Warda Ahmed (WPA NextGen & Development Manager at Dolphin Living) explores the need for more intermediate housing in Westminster:
In 2020 people around the UK gave a round of applause for NHS workers contributing to the fight against coronavirus. The pandemic has brought an increased awareness to the contribution of key workers. In our cities many of keyworkers have found themselves unable to live in affordable accommodation near to their work, despite often having to work at unsocial times due to high house prices and rents. Nowhere is this more pronounced than in Inner London.
There is a strong focus to deliver social housing amongst all local authorities in London, but this is in short supply and only available to those in acute need. Many key workers earn too much to be allocated social housing and yet not enough to be able to afford market housing. Whilst this is largely recognised, it is yet to be translated into significant planning policy changes locally and nationally.
In Westminster, the City Plan’s first objective is to:
Westminster` s commitment to deliver affordable homes is significant yet is going to be limited by land availability. The City Plan requires all residential proposals to provide 35% of the total residential units as affordable but no longer includes the affordable housing delivery of commercial developments as it once did.
Affordability remains a big problem; the disconnect between house prices, rents and incomes is large. A household in Westminster with the average household income would have insufficient money to meet their basic living costs after paying the median rent for a 2-bedroom property. The result is housing poverty. The high house prices in Westminster make shared ownership properties not just unaffordable the metrics often do not work in Westminster due to the high cost of buying and renting.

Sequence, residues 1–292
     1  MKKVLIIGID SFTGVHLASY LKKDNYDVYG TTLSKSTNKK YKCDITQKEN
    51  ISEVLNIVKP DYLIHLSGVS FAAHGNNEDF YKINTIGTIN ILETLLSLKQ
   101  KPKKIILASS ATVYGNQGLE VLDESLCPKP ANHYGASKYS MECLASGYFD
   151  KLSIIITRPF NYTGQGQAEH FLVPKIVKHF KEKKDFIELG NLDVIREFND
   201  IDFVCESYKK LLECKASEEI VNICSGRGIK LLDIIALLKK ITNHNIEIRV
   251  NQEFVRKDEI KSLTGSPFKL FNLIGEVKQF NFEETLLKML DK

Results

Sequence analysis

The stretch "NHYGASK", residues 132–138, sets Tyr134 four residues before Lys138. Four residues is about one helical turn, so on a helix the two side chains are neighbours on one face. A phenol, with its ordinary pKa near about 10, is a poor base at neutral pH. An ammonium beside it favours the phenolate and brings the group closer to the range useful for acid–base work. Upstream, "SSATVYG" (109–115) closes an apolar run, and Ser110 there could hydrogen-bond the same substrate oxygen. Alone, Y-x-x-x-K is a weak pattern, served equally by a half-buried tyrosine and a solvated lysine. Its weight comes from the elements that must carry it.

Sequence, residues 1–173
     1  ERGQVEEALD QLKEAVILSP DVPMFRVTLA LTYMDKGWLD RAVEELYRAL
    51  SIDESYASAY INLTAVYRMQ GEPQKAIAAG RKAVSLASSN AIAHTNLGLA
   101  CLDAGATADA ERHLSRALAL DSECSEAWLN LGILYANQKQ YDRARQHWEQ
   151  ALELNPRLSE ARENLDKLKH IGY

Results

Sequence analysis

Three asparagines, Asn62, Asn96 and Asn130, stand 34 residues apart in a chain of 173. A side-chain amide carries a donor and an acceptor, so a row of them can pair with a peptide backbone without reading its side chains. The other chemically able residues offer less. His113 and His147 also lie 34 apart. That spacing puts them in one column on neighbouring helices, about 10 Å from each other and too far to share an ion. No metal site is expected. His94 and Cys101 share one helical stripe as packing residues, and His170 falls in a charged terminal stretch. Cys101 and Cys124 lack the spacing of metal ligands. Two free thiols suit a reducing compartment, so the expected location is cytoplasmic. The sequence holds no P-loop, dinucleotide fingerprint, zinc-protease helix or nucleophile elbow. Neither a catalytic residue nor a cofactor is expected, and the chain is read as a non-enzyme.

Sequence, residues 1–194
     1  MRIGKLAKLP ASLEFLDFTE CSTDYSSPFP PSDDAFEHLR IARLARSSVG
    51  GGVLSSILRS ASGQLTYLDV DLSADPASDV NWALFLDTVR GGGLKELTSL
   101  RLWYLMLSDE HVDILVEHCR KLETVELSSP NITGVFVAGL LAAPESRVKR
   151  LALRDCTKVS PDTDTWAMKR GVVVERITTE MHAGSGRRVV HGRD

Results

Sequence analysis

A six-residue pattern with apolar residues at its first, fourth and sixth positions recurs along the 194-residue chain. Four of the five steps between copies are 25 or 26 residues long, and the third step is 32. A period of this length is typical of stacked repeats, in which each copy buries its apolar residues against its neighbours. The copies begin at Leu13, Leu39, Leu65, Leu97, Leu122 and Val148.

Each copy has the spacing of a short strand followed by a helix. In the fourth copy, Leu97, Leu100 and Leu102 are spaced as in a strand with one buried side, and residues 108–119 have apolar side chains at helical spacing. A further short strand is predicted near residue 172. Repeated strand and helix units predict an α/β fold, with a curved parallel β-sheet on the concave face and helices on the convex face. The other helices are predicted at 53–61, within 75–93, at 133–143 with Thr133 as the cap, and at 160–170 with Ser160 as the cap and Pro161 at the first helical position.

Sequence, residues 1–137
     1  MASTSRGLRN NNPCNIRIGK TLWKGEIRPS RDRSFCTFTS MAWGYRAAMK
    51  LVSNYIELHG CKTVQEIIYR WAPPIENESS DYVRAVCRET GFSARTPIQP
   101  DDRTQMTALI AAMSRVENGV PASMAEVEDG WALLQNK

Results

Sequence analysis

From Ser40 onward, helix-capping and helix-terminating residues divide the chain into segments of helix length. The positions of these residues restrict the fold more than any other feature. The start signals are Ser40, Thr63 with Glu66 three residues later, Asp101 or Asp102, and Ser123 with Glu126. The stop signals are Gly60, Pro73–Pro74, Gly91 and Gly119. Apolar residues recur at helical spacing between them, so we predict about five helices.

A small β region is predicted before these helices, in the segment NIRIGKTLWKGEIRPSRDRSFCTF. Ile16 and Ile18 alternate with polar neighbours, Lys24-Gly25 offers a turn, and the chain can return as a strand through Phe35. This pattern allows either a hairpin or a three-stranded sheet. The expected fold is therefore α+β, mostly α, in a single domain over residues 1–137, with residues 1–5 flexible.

Dolphin Living’s Porchester Road development
At present, ‘1.5% of the housing stock in Westminster’ is considered “intermediate”. Westminster requires 60% of the affordable housing provision to be intermediate, most of which is expected to be for rent. There is a high demand for this tenure, it will not only assist in bridging the affordability gap, but it will also diversify housing options within Westminster for those on median incomes.
As we start to look forward to the recovery of the pandemic, it is right that the government focuses on the delivery affordable homes with a significant proportion of intermediate rented homes. The need for an increased number of intermediated rented homes, at below market rents has been evidenced by the crisis and more needs to be done in order to provide more homes for our Key Workers.
Dolphin Living’s charitable objective is to support those workers “who keep the city alive” including those working in hospitality, culture, and tourism by providing a rental product 80% or less than the market equivalent. And if any individual resident has concerns with affordability or are facing financial hardship, then we can review and amend our approach to tailor for their needs.
Westminster remains great place to work and live. The vibrant and diverse environment in Westminster provides so many opportunities. The borough has more registered businesses than any other borough in the country providing over 699,000 jobs. But many workers are earning median incomes and cannot afford to live in Westminster and median incomes require skilled workers, who if they cannot afford to live in Westminster may move elsewhere to work and live.